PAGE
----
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Things to Think of When Raising a Deaf Child

By Mark Slansky
Food Pyramid -

A parent brings a child into the world hoping for eternally sunny skies and smooth sailing. We want the best experiences for our bundles of joy and wish only great opportunities upon their future. When a child is born without the ability to hear, it can initially feel like a looming disadvantage for parents who fear the struggles a deaf child may have to face.

Fortunately, the modern world is one in which a child can thrive no matter what challenges he or she faces. Raising a deaf child can be a beautiful experience through which a family learns about resilience and spirit alongside one another. There are several resources and opportunities available to those who are learning how to raise a deaf child.

Support Groups

One of the best ways to deal with unexpected or difficult circumstances is to reach out to others who are going through the same thing. If you are raising a deaf child, take the time to research what support groups for both parents and children are available in your community. Spending time with other parents of hearing-impaired children can be a great way to find the encouragement you need and swap tips and recommendations.

Seek school involvement

Parents raising a deaf child will innately understand their child’s desire to take part in “normal” activities with other children their age. Parents of children with auditory impairments should make it a priority to see what programs, assistance and auditory therapies are a part of school curriculum. Now, more than ever, schools are making an effort to provide various avenues of aid that help children with disabilities be a part of school-wide activities and functions. Many schools are now able to provide interpreters for children who require their assistance.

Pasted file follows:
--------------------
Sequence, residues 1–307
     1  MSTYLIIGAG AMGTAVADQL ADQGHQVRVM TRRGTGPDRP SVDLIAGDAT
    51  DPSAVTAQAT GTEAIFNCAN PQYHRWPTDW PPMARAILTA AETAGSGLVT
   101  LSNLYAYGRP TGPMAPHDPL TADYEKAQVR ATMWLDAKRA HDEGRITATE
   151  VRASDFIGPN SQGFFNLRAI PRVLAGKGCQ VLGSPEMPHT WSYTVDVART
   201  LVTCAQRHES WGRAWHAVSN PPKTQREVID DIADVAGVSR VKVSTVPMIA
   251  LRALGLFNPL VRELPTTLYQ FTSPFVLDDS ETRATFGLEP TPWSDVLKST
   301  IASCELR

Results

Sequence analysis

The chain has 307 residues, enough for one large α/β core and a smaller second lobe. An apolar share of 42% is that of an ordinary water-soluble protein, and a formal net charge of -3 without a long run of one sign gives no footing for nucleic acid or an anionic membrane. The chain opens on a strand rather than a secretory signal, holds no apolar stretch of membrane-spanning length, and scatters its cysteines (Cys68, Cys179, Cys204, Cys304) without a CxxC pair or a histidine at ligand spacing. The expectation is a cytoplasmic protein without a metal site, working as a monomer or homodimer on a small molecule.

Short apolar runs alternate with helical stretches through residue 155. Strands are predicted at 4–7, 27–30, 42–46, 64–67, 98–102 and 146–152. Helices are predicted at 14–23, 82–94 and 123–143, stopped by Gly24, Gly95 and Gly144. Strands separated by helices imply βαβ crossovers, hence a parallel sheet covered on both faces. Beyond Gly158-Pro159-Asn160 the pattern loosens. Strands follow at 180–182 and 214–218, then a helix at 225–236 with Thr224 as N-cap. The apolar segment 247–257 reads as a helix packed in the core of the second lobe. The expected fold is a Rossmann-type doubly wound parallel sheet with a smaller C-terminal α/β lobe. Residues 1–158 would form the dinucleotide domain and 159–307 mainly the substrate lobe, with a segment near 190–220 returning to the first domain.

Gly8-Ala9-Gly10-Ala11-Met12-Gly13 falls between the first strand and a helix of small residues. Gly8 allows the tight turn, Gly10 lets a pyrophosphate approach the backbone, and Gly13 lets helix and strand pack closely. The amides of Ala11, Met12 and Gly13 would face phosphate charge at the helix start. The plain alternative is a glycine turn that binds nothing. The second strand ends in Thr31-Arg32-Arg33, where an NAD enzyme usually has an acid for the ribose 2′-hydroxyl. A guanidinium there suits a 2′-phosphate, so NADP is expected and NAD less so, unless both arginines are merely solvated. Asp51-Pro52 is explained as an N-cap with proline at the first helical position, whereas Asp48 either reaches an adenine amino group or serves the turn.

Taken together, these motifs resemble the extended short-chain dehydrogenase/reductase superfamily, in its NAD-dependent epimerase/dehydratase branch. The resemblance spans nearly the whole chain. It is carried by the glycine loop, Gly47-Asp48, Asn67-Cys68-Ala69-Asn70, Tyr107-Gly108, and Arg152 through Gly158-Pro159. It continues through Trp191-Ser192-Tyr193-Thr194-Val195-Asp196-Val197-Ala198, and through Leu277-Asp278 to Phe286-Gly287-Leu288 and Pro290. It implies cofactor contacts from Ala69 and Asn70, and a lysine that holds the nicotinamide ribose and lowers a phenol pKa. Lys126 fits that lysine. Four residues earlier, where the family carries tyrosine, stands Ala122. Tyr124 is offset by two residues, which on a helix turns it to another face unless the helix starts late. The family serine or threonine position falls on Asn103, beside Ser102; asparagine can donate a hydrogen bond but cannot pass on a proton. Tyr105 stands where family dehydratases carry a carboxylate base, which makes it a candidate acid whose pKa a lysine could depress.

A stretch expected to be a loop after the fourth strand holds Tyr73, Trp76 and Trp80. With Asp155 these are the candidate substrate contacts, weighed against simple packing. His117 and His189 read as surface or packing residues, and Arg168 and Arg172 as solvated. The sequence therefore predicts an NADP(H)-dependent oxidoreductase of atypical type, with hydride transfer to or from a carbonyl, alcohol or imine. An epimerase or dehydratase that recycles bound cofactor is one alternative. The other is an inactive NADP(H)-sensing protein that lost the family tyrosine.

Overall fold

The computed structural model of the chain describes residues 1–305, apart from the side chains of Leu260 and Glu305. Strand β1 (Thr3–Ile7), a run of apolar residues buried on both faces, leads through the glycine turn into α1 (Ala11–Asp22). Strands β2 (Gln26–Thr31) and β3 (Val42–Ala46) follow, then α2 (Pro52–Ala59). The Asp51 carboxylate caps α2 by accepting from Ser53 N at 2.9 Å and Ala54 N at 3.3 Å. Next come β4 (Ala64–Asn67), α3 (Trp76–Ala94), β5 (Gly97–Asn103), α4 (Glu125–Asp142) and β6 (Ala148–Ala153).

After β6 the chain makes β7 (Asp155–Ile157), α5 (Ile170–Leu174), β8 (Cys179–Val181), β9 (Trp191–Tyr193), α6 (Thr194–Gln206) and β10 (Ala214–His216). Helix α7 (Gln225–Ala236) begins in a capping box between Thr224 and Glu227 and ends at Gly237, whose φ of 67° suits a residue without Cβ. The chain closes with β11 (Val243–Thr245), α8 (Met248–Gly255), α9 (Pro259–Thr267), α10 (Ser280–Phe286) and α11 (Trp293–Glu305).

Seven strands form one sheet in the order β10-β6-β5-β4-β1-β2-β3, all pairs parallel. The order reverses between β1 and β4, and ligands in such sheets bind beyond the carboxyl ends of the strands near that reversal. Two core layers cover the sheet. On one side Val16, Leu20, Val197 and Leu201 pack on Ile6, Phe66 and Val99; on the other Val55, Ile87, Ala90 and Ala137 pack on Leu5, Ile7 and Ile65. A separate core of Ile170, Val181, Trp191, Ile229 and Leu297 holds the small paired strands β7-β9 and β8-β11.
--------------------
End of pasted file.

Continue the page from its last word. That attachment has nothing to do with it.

Keep conversation going

When raising a deaf child, one of the most important tools to overcoming adversity is keeping lines of communication open and active. Talk to your child often about struggles and concerns they are having with their condition. When other children or parents have questions, feel free to answer them honestly. Being open about what it means to be deaf and how to best deal with difficulty will make any obstacle manageable. It will also instill a sense of social comfort surrounding deafness in your child.

Sign as a family

Language is a primary component to communication and for deaf individuals, sign language becomes their first language. Taking the time to learn sign language as a family helps to create a sense of communicative unity at home. It is often recommended that extended family learn to sign as well. This becomes the means to establishing strong relationships that can exist and thrive despite a hearing impairment. When a family decides to use sign language as a primary form of communication, there is a cohesive bond that is built around a deaf child. When every member of the family uses sign language at home and together in public, a deaf child doesn’t feel singled out, but becomes part of a strong, supportive group.

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